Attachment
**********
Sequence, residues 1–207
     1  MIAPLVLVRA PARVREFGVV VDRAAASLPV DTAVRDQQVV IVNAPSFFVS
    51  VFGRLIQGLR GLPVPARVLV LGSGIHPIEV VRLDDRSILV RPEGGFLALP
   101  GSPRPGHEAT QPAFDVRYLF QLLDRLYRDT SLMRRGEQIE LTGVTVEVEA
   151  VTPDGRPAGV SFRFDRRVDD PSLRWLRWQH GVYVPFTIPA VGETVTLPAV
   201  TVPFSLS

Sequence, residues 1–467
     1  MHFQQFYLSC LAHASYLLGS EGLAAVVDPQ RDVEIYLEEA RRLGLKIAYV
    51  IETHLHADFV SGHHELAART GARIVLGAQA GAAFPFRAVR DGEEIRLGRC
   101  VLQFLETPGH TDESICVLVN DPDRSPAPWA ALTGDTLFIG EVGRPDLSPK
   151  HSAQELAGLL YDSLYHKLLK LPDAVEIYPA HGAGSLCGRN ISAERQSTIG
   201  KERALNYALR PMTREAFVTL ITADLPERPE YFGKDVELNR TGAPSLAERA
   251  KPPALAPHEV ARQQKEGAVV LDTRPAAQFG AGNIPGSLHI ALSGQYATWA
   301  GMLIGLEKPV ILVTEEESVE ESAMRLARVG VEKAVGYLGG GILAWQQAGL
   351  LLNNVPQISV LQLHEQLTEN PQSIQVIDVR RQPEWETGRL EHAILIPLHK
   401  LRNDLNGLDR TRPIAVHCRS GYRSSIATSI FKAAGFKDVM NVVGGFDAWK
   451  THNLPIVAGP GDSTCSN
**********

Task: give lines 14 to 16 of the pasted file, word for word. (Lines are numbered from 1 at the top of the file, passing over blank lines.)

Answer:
   301  GMLIGLEKPV ILVTEEESVE ESAMRLARVG VEKAVGYLGG GILAWQQAGL
   351  LLNNVPQISV LQLHEQLTEN PQSIQVIDVR RQPEWETGRL EHAILIPLHK
   401  LRNDLNGLDR TRPIAVHCRS GYRSSIATSI FKAAGFKDVM NVVGGFDAWK